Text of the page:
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Cardiovascular system anatomy and physiology
Lymphatic system anatomy and physiology
Abnormal heart sounds
Normal heart sounds
Changes in pressure-volume loops
Cardiac and vascular function curves
Altering cardiac and vascular function curves
Law of Laplace
Measuring cardiac output (Fick principle)
Stroke volume, ejection fraction, and cardiac output
Physiological changes during exercise
Cardiovascular changes during hemorrhage
Cardiovascular changes during postural change
Cardiac conduction velocity
Electrical conduction in the heart
ECG normal sinus rhythm
ECG QRS transition
ECG rate and rhythm
ECG cardiac infarction and ischemia
ECG cardiac hypertrophy and enlargement
Control of blood flow circulation
Microcirculation and Starling forces
Blood pressure, blood flow, and resistance
Compliance of blood vessels
Laminar flow and Reynolds number
Pressures in the cardiovascular system
Resistance to blood flow
Action potentials in myocytes
Action potentials in pacemaker cells
Cardiac excitation-contraction coupling
Excitability and refractory periods
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cardiac output p. 289
cardiac output and p. 290
equation for p. 737
exercise and p. 688
in pregnancy p. 653
variables in p. 289
V /Q mismatch and p. 687
The main job of the heart is to pump oxygenated blood with nutrients through the arteries to the body’s tissues and receive back deoxygenated blood full of waste products through the veins.
Now, let’s zoom into the left ventricle. There’s a moment when the left ventricle is fully relaxed. It occurs at the end of filling or diastole, also called the end-diastolic point, and the volume of blood within the left ventricle is called the end-diastolic volume, and it’s about 120 milliliters. Then the left ventricle contracts, forcing blood through the aorta and into the whole arterial system. After that is another moment when the left ventricle is fully contracted. It occurs at the end of contraction or systole, also called the end-systolic point, and the volume of blood within the left ventricle is called end-systolic volume, and it’s about 50 milliliters. So, end-diastolic volume minus end-systolic volume, gives us the stroke volume, which is the volume of blood that the left ventricle ejects with every heartbeat, or stroke. In this case, the stroke volume is 120 minus 50, which equals 70 milliliters.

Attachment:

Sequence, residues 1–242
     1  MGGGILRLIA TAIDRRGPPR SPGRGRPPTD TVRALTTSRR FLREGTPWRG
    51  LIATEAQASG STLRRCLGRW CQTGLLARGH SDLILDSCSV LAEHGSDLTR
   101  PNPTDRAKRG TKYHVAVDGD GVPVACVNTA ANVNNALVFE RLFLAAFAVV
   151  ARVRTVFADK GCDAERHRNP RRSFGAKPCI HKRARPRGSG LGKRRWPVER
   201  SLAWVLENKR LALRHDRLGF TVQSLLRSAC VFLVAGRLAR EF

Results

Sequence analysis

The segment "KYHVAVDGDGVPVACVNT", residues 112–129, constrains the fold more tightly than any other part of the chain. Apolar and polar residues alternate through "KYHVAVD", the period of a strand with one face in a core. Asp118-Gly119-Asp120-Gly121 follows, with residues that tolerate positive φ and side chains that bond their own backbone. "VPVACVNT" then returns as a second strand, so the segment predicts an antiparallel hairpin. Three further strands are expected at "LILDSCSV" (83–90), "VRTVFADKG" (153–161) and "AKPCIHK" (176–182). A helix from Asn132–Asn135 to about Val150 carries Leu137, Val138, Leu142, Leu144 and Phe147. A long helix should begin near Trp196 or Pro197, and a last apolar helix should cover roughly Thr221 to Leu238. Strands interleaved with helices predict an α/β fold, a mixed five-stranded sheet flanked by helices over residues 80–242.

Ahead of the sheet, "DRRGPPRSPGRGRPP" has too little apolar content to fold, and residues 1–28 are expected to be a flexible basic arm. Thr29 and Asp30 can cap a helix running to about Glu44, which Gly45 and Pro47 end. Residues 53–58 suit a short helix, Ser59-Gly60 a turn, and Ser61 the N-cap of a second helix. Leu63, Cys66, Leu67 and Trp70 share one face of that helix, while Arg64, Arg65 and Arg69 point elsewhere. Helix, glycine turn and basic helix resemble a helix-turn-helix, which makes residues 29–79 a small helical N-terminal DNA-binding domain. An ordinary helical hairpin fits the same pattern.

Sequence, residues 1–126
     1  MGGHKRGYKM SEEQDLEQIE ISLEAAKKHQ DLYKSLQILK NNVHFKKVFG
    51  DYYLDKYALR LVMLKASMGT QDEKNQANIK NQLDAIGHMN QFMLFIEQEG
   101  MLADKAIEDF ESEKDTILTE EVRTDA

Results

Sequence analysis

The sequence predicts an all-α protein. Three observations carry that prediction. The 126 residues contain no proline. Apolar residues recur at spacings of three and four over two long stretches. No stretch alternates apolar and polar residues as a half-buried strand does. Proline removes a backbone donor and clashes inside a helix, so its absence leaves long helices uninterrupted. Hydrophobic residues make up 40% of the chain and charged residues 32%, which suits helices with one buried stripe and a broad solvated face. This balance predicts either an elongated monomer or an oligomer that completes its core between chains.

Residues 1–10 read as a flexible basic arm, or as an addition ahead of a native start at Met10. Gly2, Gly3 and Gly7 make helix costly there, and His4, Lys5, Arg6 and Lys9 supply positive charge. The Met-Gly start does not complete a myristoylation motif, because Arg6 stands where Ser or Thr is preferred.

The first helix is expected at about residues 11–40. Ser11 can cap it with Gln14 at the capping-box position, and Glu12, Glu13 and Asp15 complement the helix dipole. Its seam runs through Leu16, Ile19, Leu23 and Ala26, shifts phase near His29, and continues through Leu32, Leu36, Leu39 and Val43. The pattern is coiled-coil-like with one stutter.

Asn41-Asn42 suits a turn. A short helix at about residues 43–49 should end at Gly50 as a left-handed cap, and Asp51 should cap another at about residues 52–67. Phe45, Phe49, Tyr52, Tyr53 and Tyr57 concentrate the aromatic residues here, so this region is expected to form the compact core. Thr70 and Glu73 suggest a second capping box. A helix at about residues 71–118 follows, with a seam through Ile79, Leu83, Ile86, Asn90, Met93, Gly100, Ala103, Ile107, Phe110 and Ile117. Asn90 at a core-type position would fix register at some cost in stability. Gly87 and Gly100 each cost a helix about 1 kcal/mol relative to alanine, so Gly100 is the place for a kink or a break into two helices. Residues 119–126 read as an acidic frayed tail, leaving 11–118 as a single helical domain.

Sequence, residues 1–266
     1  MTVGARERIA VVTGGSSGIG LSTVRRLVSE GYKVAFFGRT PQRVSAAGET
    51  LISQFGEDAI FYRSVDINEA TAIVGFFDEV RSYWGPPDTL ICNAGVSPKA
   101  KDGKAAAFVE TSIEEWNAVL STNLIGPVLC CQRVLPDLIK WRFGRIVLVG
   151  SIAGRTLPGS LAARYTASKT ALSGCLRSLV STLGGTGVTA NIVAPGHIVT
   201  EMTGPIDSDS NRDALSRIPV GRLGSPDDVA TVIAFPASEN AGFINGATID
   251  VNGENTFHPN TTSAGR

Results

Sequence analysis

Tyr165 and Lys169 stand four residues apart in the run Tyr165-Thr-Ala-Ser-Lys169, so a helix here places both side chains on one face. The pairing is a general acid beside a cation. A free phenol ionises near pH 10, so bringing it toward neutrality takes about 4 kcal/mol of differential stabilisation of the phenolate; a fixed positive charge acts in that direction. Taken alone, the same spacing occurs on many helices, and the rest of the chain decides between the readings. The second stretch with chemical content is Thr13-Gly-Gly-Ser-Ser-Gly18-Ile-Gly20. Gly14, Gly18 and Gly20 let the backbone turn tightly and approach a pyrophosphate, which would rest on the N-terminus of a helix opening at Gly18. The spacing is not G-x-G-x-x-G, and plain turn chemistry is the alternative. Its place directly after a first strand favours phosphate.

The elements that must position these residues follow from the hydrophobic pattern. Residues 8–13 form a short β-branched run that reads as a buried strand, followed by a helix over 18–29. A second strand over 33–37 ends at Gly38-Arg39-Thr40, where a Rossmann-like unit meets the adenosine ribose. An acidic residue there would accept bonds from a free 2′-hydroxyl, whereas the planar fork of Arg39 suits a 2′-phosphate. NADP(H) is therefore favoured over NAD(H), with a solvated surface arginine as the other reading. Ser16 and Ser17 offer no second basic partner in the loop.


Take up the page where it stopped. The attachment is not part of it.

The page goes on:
Stroke volume is a useful measurement, but it can vary based on the size of a person. For example, a stroke volume of 50 milliliters might be absolutely fine for a small person with a small heart volume, but may be low for a large person with a bigger heart volume. So another helpful measurement is the ejection fraction, which is the stroke volume divided by the end-diastolic volume, Ejection fraction = Stroke Volume / End- Diastolic Volume. In a normal individual that’s 70/120, or about 58%, but it can fluctuate between 50 and 65% and still be considered normal. In other words, at least half of the blood volume in the left ventricle should get pumped out during each heartbeat. In hearts that have a low contractility - a low force of contraction - the ejection fraction can fall below 50%.
Stroke volume is the amount of blood the heart pumps with each beat. It is the difference between the end-diastolic volume and the end-systolic volume. The ejection fraction is the proportion of the end-diastolic volume that is pumped out with each beat. It is calculated as stroke volume divided by the end-diastolic volume. Cardiac output is the amount of blood the heart pumps in one minute and is equal to the heart rate multiplied by the stroke volume.
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